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ADC: Analog-to-Digital Converter

An analog-to-digital converter (abbreviated ADC, A/D or A to D) is a device that converts a continuous quantity to a discrete time digital representation. An ADC may also provide an isolated measurement. The reverse operation is performed by a digital-to-analog converter (DAC).

Typically, an ADC is an electronic device that converts an input analog voltage or current to a digital number proportional to the magnitude of the voltage or current. However, some non-electronic or only partially electronic devices, such as rotary encoders, can also be considered ADCs.

The digital output may use different coding schemes. Typically the digital output will be a two's complement binary number that is proportional to the input, but there are other possibilities. An encoder, for example, might output a Gray code.


ADAT Lightpipe

The ADAT Lightpipe, officially the ADAT Optical Interface, is a standard for the transfer of digital audio between equipment. It was originally developed by Alesis but has since become widely accepted, with many third party hardware manufacturers including Lightpipe interfaces on their equipment. The protocol has become so popular that the term "ADAT" is now often used to refer to the transfer standard rather than the Alesis Digital Audio Tape itself.

Lightpipe uses fiber optic cables (hence its name) to carry data, with Toslink connectors at either end, making them identical to S/PDIF optical cables. However, the data streams of the two protocols are totally incompatible. S/PDIF is mostly used for transferring stereo or multi-channel surround sound audio, whereas the ADAT optical interface supports up to 8 channels at 48 kHz, 24 bit. Recently, Lightpipe devices have been successfully interfaced via FireWire.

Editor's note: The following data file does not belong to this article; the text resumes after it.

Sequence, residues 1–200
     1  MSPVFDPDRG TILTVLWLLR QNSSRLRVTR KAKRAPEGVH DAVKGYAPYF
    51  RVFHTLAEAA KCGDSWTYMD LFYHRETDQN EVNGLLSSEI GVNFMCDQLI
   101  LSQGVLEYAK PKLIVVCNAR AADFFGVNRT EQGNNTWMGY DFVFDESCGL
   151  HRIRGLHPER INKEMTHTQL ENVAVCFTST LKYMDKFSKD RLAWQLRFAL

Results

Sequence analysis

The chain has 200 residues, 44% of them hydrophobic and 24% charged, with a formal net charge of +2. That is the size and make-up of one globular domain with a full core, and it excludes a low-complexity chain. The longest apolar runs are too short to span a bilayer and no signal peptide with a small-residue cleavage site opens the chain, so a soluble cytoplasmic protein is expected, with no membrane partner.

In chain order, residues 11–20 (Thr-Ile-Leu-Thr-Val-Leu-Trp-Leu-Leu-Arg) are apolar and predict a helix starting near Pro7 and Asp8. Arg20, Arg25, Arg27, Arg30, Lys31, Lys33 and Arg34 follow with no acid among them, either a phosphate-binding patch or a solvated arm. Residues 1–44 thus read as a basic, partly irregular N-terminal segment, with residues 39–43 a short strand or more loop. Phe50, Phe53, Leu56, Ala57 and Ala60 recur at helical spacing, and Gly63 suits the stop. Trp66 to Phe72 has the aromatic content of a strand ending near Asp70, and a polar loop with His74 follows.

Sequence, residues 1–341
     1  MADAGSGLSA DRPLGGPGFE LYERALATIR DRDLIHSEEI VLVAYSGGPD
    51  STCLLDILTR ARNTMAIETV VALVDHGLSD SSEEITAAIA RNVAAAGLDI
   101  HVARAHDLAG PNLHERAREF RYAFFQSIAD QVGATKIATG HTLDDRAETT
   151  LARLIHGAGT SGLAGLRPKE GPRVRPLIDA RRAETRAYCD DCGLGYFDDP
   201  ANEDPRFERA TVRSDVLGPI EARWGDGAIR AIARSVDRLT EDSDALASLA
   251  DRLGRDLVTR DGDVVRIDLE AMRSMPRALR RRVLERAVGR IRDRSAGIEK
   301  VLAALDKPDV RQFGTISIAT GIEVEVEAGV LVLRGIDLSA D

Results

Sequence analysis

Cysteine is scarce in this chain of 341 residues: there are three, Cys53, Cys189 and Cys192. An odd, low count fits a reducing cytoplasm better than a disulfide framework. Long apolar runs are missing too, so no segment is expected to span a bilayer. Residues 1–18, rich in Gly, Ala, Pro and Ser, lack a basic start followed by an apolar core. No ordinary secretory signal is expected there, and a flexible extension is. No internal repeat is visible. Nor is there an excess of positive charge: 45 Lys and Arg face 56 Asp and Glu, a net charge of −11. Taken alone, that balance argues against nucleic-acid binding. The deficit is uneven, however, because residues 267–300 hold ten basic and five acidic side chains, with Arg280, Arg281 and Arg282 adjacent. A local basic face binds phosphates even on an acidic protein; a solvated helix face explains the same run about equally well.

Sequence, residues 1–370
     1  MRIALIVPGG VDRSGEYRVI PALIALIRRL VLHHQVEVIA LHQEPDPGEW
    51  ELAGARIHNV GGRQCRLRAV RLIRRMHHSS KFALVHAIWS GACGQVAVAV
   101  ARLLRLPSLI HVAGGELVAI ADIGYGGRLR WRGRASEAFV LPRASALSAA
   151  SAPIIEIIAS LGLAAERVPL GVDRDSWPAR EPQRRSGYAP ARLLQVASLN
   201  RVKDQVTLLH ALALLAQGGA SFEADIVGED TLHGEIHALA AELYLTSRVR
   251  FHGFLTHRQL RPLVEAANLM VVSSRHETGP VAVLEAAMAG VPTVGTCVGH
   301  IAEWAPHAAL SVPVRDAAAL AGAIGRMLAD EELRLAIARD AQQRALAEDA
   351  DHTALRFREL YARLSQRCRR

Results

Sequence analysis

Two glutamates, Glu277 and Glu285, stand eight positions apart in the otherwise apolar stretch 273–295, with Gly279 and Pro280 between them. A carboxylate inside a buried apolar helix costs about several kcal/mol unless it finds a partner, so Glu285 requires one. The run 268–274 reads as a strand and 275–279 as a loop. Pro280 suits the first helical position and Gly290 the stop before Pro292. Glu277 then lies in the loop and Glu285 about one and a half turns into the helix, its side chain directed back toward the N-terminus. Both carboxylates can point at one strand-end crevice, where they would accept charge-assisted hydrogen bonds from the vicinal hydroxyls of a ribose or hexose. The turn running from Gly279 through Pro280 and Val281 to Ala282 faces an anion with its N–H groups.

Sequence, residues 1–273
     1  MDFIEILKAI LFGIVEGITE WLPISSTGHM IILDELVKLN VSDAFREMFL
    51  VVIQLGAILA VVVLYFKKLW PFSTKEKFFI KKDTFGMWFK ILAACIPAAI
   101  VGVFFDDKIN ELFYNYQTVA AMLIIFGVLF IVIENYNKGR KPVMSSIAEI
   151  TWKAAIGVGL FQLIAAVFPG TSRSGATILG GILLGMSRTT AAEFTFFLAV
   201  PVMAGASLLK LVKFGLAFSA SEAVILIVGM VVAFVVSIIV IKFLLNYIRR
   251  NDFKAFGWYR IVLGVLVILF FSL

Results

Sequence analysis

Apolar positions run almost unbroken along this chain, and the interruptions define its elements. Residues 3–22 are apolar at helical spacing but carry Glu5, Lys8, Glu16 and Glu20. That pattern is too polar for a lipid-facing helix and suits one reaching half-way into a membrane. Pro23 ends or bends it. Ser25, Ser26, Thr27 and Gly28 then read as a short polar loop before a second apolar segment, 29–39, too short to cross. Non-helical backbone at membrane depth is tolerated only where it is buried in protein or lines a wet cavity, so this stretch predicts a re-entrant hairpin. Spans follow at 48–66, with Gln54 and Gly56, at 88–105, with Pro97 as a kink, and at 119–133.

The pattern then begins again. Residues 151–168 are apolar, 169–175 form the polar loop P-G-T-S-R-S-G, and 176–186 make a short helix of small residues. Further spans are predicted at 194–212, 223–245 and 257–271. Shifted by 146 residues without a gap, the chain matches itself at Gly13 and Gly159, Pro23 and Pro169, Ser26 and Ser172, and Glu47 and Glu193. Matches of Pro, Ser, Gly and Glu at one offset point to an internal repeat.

Analog recording

Analog (or analogue) recording (Greek, ana is "according to" and logos "relationship") is a technique used for the recording of analog signals which among many possibilities include audio frequency, analog audio and analog video information for later playback.

Analog recording methods store signals as a continual wave in or on the media. The wave might be stored as a physical texture on a phonograph record, or a fluctuation in the field strength of a magnetic recording. This is different from digital recording of which among many possibilities include digital audio and digital video, which digital signals are represented as data or discrete numbers.

Examples of analog audio recording are:

  • Compact Cassette magnetic tape recorders
  • Gramophone record (also known as a phonograph record, vinyl, etc.)


In computing and especially in computer hardware, controller is a chip, an expansion card, or a stand-alone device (usually called a control unit) that interfaces with a peripheral device. This may be a link between two parts of a computer (for example a memory controller that manages access to memory for the computer) or a controller on an external device that manages the operation of (and connection with) that device.

Cut, copy, and paste

In human-computer interaction, cut and paste and copy and paste are related commands that offer a user-interface interaction technique for transferring text, data, files or objects from a source to a destination. Most ubiquitously, users require the ability to cut and paste sections of plain text. The cut command removes the selected data from its original position, while the copy command creates a duplicate; in both cases the selected data is placed in a clipboard. The data in the clipboard is later inserted in the position where the paste command is issued.